State, local and Federal regulators have agreed on another
round of water sampling in Wyoming as they investigate claims
hydraulic fracturing contaminated ground water in the area.
The regulators, including the U.S. Environmental Protection
Agency, agreed with some Native American tribes this week that
more water tests are needed, the Associated Press reported.
The delay is important because many assumptions about the
effects of fracking are linked to a controversial draft study in
Pavillion, Wy., which linked hydraulic fracturing to ground water
contamination in that town.
EPA Administrator Lisa Jackson in recent weeks has appeared to
soften her stand on the potential dangers of fracking. Last
month, speaking at a New Jersey college, she changed previous
language that indicated she was skeptical about its dangers.
"Recent discussions between EPA, the State of Wyoming and the
Tribes have recognized the value of further sampling of
monitoring wells to develop additional information on groundwater
quality," EPA spokesman Rich Mylott told the AP.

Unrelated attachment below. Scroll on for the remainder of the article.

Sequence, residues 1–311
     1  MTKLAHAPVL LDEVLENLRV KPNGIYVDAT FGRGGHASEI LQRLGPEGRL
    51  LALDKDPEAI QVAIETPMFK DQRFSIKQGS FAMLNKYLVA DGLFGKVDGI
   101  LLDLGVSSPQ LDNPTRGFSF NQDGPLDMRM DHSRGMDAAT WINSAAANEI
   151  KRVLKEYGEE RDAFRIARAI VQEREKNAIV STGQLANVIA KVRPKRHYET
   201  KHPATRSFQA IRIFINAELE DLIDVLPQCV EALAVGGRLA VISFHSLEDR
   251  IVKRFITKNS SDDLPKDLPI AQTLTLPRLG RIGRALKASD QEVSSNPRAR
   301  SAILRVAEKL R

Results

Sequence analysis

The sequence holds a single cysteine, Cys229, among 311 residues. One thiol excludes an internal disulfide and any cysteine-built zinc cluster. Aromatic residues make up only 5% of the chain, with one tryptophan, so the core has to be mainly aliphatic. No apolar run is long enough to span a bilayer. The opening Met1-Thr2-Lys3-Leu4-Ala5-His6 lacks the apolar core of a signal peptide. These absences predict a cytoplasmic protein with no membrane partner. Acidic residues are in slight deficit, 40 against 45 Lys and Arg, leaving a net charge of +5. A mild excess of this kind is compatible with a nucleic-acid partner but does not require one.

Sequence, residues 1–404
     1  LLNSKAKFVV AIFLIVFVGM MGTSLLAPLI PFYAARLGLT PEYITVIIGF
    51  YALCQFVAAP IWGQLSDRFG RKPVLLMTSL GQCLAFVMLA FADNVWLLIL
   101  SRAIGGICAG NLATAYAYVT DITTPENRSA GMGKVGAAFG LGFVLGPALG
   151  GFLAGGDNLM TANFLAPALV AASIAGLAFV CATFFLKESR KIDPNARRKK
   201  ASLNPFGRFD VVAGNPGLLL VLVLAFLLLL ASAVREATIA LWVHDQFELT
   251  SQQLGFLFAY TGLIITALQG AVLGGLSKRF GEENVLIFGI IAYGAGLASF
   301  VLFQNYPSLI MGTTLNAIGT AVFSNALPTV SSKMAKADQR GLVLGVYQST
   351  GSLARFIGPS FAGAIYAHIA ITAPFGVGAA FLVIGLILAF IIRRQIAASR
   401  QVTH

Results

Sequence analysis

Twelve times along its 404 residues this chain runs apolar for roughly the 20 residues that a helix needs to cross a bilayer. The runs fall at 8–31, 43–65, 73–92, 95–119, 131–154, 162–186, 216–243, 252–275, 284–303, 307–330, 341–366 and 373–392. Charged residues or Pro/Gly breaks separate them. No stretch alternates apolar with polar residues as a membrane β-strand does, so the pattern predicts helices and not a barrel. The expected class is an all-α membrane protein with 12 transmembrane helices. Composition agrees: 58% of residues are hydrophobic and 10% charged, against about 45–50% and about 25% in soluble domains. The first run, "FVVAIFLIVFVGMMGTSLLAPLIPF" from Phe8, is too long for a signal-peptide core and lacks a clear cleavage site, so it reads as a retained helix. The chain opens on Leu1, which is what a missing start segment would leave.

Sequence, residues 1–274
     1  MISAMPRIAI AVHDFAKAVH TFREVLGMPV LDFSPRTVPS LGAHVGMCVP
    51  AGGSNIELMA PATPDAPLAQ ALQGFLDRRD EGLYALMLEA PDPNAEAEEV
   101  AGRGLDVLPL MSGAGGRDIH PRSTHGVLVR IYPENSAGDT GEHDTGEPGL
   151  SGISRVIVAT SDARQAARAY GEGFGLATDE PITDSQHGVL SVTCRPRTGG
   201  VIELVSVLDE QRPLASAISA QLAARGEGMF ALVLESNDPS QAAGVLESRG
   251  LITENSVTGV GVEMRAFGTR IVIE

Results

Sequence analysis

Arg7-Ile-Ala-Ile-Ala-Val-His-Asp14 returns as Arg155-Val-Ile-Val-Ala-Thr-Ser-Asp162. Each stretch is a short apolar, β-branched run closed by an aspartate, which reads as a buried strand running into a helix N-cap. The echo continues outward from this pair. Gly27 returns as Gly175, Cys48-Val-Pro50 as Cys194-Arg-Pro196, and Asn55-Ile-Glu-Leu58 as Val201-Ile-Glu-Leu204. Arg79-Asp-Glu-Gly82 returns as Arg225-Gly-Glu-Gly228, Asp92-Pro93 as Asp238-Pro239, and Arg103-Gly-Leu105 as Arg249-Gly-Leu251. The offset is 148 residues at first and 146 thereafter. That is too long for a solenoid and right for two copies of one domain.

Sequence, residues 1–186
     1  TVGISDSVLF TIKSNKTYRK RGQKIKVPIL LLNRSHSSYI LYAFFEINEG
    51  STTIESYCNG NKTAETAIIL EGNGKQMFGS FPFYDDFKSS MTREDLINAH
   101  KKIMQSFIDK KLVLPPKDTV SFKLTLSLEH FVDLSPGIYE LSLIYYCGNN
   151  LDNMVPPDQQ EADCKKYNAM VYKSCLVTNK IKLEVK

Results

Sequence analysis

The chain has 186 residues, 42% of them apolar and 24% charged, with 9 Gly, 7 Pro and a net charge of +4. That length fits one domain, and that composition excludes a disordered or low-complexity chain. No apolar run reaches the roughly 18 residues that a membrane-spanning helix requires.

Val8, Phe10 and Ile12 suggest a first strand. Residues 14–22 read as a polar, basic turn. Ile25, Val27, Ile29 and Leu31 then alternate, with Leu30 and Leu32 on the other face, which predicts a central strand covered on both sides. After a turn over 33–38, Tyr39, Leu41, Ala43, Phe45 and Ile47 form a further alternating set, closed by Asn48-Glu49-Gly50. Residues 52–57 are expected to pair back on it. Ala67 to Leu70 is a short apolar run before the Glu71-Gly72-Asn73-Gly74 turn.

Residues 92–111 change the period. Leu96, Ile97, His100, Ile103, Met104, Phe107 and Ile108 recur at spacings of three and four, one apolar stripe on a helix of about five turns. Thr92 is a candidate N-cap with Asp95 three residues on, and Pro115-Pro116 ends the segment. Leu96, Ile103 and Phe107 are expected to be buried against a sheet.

The U.S. Geological Survey will conduct two more water surveys
before July. The first test could come next month.
The samples will be taken from two monitoring wells the EPA
already dug in the area.
"It is only going to further verify what the EPA has already
found here," said John Fenton, chairman of the Pavillion Area
Concerned Citizens, an affiliate of the Powder River Basin
Resource Council that is trying to hold the natural gas industry
Fenton's is among 10 families who've complained for years that
water in the area has been contaminated by natural gas
Fenton's own water, he said, became more saline and contains
methane. He said the EPA's analysis of the area's water shows
evidence of chemicals that have yet to be identified, beyond the
glycols the EPA was able to identify.
Fenton believes the EPA is conducting a new round of tests
because the agency caved in to outside pressure from oil and
natural gas industry players criticizing its draft report. He
said the new round of testing is likely to delay any final
determination by another year.
"People have been fighting this battle for a decade now,"
Fenton said. "People are very weary, people are tired. To us,
this adds another weight on our backs."
EnCana Corp. (
) the Calgary-based company that operates in the area, has
criticized the EPA draft report saying regulators sampled water
too close to naturally yielding zones of hydrocarbons, and have
thus misinterpreted their data.
EnCana's shares fell 9 cents to $19.78 in Friday trading.